Yuko Jones possesses that rare ability to convey a sense of simplicity while creating art that is by no means simple. The cultural elements, the subdued colors, and the lines of her work bring me into each story.
OCB: Young Adult author, Jacqueline Woodson says that writers tend to focus on the time in their lives they’re still working through. Is there an element of truth to Woodson’s claim as it relates to Visual Artists (or to your work)? If so, how?
Yuko Jones: I’m not sure if there’s anything in particular that affects my creativity that way. But I do remember, as a child, I would spend hours poring over picture books. For me, it was the illustrations rich in texture and detail that expanded the stories as well as my imagination. I think about that a lot when I’m working on my illustrations.
OCB: What are you painting or creating art for (as in, what is the deep-down driving force behind your choice to paint/illustrate in the first place)? What is it about the act of drawing or painting or illustrating that speaks to you or resonates with you most?
Yuko: I draw and paint because I want to see if I can turn my creative vision into reality. It always starts with an idea and I just follow my curiosity from there. Most of the time, though, my artwork doesn’t turn out exactly the way I envisioned, but that’s probably why we artists hustle everyday to improve our craft. I think my driving force is to fill the gap between what I envision and what I can actually create.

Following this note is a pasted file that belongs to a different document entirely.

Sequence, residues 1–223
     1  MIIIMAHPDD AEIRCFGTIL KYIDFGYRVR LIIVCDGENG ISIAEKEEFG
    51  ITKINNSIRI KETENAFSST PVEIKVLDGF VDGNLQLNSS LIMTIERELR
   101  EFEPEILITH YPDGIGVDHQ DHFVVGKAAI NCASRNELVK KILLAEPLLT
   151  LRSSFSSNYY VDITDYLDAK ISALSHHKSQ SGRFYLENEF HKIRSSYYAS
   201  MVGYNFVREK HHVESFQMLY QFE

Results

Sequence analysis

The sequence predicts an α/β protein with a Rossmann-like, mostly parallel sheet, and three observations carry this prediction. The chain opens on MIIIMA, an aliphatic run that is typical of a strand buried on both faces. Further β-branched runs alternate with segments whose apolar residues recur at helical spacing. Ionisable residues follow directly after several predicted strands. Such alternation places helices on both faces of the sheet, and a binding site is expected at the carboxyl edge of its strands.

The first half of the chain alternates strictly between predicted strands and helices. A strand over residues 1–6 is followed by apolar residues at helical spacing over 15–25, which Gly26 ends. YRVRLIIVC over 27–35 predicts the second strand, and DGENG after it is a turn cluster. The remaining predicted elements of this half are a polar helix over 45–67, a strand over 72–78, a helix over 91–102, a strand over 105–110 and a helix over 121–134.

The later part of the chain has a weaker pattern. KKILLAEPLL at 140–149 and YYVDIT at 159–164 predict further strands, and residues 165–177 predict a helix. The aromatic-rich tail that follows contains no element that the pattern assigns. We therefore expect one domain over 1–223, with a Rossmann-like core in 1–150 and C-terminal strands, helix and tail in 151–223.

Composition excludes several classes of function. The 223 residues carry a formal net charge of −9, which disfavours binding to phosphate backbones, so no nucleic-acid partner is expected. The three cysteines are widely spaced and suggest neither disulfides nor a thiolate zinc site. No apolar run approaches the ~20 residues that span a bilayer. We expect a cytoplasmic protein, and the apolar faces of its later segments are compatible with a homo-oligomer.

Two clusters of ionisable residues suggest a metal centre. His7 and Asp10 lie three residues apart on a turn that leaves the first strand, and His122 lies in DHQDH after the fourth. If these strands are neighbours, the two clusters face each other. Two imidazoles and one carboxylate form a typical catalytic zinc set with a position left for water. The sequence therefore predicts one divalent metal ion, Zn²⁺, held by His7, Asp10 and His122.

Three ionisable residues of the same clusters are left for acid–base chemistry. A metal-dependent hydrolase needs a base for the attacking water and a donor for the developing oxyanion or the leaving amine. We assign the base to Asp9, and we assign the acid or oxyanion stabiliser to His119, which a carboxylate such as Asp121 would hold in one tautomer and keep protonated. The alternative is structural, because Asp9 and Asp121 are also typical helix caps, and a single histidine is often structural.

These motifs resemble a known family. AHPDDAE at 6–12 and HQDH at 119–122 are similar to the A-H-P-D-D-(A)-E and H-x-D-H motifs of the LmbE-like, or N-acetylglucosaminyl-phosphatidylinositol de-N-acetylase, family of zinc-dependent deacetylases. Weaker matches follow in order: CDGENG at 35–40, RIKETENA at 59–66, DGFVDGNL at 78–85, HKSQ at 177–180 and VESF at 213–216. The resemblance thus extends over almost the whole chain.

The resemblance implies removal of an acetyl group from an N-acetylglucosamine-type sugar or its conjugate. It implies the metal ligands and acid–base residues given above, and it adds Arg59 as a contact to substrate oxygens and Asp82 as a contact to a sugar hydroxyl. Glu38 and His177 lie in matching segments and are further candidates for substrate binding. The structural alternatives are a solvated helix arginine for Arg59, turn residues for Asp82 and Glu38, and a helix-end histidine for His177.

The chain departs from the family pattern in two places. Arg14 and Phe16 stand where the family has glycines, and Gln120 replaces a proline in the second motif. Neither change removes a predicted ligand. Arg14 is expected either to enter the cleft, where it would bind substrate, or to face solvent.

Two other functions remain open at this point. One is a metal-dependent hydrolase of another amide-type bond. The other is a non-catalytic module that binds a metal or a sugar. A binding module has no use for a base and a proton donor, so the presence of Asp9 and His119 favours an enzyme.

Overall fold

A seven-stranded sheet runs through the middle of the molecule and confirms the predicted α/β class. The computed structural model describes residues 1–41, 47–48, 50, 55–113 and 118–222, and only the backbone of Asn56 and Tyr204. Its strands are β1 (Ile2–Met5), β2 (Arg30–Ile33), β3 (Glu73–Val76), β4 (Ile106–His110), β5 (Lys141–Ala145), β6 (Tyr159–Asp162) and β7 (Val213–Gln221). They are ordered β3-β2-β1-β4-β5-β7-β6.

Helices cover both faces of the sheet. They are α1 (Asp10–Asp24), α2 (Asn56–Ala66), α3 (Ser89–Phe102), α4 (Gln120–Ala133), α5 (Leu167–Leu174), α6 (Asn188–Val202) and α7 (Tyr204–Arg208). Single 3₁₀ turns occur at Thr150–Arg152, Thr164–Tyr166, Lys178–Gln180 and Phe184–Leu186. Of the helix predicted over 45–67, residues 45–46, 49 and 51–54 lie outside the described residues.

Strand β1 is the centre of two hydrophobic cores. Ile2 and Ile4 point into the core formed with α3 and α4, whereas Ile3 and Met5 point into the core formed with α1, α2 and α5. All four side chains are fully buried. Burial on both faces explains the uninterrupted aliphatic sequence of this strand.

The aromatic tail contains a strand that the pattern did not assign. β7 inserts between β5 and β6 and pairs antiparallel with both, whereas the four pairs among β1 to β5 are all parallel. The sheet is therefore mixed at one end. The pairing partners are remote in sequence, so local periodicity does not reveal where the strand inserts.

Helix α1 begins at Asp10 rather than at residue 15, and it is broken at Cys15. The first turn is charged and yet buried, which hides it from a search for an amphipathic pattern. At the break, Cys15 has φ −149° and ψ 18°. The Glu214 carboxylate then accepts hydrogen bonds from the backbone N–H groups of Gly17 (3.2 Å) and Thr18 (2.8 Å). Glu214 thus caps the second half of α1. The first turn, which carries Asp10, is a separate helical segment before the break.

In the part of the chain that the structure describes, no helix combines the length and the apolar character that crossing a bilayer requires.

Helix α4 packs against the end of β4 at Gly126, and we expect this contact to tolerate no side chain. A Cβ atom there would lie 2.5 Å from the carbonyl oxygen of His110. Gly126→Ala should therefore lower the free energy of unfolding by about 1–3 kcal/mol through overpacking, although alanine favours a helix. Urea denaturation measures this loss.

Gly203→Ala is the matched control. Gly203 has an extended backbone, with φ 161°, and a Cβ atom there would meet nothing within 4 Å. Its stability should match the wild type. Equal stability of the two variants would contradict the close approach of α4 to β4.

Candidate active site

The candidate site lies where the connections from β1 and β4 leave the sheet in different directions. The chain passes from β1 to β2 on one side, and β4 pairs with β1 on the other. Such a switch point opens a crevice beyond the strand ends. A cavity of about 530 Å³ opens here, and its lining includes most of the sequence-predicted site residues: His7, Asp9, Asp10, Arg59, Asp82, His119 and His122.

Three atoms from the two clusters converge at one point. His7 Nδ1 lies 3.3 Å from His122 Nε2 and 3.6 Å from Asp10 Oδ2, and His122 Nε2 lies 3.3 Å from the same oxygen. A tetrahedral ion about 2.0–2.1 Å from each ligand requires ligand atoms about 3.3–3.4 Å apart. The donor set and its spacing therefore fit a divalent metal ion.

OCB: What technique/medium did you use to create “The Tale of the Bamboo Cutter” and/or “Dream Catcher?”
Yuko: For “The Tale of the Bamboo Cutter,” I did a combination of pen drawing and watercolor, which is a traditional approach to illustration. But I took an extra step to prepare the paper before I started the drawing process: I stained the paper with coffee to give it a slightly brown, vintage feel I was going after.
For “Dream Catcher,” I started with watercolor, and then added some shading using color pencils to create depth. I completed the piece with a touch of soft pastel and acrylics to add some bright colors and texture.
OCB: Since you illustrate books for young readers, did you have a favorite illustration or illustrator when you were young (or now)? If so, why?
Yuko: I was always drawn to illustrations that are rich in texture and detail. I remember I was particularly drawn to black and white illustrations done in ink as a child. Now as an adult, I admire Lisbeth Zwerger’s and Rebecca Dautremer’s work. Their illustrations are classic and beautiful, but also offer a sense of modern whimsy that I like.